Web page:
This is one of the few areas in Italy, where in such a relatively small corner of land, agriculture provides not only a setting for its natural beauty, but also a range of high-quality products such as lemons, oil and cheese, all acknowledged for their excellence at both national and European levels.

The layout of the land, the climatic and environmental conditions as well as the traditional methods of cultivation have all contributed to the creation of extensive terraces of lemon groves along the slopes rising from the sea.  

The species grown here can only be found in this area and the groves are protected from cold winds, hail and possible low winter temperatures by the characteristic straw pagliarelle which are placed over the trellises (pergolati) during the colder months from November to March. The trellises are made out of chestnut stakes obtained from local woods.  

The Massese lemon (Femminello sorrentino) differs from the Amalfi Coast lemon (Sfusato amalfitano) in that it has a thinner peel and a stronger aroma. Lemons were already being exported both to the U.S.A. and to the U.K. in the 19th century, used for their high content of vitamin C.

Nowadays, they are utilised not only for health and culinary purposes, but also as the main ingredient of limoncello, a lemon liqueur obtained from an infusion of lemon peel, to be found at all the best tables in the world. Other liqueurs are also produced using typical aromatic Mediterranean plants such as myrtle, fennel, carob and bay.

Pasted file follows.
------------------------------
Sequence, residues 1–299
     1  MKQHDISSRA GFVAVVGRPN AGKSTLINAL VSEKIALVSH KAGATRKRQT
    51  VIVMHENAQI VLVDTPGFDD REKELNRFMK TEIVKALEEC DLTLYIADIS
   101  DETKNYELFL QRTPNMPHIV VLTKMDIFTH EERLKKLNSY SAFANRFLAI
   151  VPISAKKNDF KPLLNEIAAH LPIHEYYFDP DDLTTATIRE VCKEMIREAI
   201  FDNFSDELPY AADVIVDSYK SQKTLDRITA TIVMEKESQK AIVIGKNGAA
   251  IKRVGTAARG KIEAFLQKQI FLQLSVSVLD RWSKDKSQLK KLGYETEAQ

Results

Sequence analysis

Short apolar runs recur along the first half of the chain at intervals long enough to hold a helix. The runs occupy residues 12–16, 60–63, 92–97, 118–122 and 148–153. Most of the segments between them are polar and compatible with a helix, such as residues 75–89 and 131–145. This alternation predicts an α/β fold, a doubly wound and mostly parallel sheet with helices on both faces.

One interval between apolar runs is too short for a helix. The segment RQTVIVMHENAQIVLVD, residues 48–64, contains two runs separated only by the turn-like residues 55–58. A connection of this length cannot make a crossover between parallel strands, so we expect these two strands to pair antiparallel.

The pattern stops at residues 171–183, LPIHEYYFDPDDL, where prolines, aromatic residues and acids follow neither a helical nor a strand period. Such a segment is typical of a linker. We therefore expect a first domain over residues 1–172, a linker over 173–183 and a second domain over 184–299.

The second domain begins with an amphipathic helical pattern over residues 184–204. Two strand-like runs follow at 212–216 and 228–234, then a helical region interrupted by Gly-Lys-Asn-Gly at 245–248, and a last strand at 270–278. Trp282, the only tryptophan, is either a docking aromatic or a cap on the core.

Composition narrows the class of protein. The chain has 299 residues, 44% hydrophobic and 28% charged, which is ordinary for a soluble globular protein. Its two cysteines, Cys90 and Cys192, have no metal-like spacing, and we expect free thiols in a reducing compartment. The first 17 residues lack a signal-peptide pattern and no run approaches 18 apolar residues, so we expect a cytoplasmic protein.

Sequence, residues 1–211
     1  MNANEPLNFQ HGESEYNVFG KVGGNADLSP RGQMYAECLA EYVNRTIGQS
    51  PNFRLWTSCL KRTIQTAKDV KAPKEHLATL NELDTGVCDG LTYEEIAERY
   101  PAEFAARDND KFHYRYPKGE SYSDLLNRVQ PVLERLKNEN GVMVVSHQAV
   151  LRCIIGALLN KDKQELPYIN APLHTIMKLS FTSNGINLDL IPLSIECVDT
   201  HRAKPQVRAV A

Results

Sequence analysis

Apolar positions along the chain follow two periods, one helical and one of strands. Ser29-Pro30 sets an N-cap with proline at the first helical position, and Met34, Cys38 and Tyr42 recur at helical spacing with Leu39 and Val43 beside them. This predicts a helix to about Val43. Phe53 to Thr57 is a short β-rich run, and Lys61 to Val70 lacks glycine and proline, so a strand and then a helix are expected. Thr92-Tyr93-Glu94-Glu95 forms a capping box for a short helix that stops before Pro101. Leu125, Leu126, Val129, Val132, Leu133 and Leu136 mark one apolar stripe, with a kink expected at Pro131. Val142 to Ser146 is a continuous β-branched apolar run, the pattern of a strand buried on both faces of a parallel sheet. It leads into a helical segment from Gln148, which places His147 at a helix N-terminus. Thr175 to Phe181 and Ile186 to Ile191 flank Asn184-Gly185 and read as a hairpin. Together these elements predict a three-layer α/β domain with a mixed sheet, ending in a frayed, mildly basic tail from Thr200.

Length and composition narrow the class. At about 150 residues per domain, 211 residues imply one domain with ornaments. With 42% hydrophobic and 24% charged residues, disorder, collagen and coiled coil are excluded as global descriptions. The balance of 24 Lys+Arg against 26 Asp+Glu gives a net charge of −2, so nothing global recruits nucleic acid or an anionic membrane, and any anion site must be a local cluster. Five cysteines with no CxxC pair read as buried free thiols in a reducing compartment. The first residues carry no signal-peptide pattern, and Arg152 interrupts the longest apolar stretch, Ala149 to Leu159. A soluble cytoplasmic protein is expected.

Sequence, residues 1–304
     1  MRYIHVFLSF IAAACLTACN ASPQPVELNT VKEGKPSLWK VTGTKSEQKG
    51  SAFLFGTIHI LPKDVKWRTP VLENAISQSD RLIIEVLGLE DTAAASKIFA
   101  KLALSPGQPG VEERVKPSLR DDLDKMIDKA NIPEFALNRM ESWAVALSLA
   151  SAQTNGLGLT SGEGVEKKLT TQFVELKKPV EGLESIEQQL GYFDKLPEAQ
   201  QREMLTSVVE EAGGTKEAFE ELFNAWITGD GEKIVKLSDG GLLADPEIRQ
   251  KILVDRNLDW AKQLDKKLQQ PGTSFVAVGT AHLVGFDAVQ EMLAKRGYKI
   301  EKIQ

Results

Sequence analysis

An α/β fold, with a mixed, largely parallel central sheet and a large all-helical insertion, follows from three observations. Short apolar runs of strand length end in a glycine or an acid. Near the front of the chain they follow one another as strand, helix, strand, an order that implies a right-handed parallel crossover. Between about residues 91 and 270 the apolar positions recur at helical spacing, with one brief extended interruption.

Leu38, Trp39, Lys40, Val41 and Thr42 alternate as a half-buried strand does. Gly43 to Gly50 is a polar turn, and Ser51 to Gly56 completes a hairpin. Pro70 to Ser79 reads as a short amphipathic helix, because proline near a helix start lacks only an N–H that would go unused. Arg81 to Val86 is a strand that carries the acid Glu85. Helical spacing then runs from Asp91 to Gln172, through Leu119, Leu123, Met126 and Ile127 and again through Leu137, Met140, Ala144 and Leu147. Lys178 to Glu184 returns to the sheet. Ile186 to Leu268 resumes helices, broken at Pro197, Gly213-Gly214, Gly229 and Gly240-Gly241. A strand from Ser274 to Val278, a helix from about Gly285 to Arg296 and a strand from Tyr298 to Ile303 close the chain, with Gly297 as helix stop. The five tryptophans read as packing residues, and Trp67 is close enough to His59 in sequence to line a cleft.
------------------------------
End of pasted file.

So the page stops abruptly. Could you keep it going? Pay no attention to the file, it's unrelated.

Moving away from the coast and up the sun-facing hills you can find vineyards supplying excellent red and white wines to accompany the typical dishes of this area. Chestnut trees providing the wood for the stakes and listels of the trellises and pagliarelle cover the shadier slopes.

In the higher areas where the soil is less fertile, olive trees abound; these may always have grown there, as their age testifies. There is also mention of sacrifices having been made in Greek times to the Goddess Minerva using local oil.

The oil produced here has a characteristic taste and aroma which distinguish it and give it its high market value. The European Community recognises this product as D.O.P. (Denomination of Protected Origin) thanks to its unique qualities.

Lastly, using milk taken from locally reared cows, small dairies produce two types of cheese which are also included in the European Community’s list of protected products and which are in great demand at Neapolitan meals: the treccia (fresh spun cheese in the form of a plaited ring) and the caciocavallo (a semi-mature pear-shaped cheese with a small head). Its name derives from the fact that the cheeses (caci) are tied in pairs by their heads and placed to mature astride (a cavallo) a pole; thus cacio a cavallo or “cheese astride”.

Apart from these commercially important products, visitors will be able to see how each rural home has its own small garden growing quality tomatoes, aubergines, courgettes, beans etc. These vegetables are not only for family consumption, but also provide the traditional dishes which have made many local restaurants famous.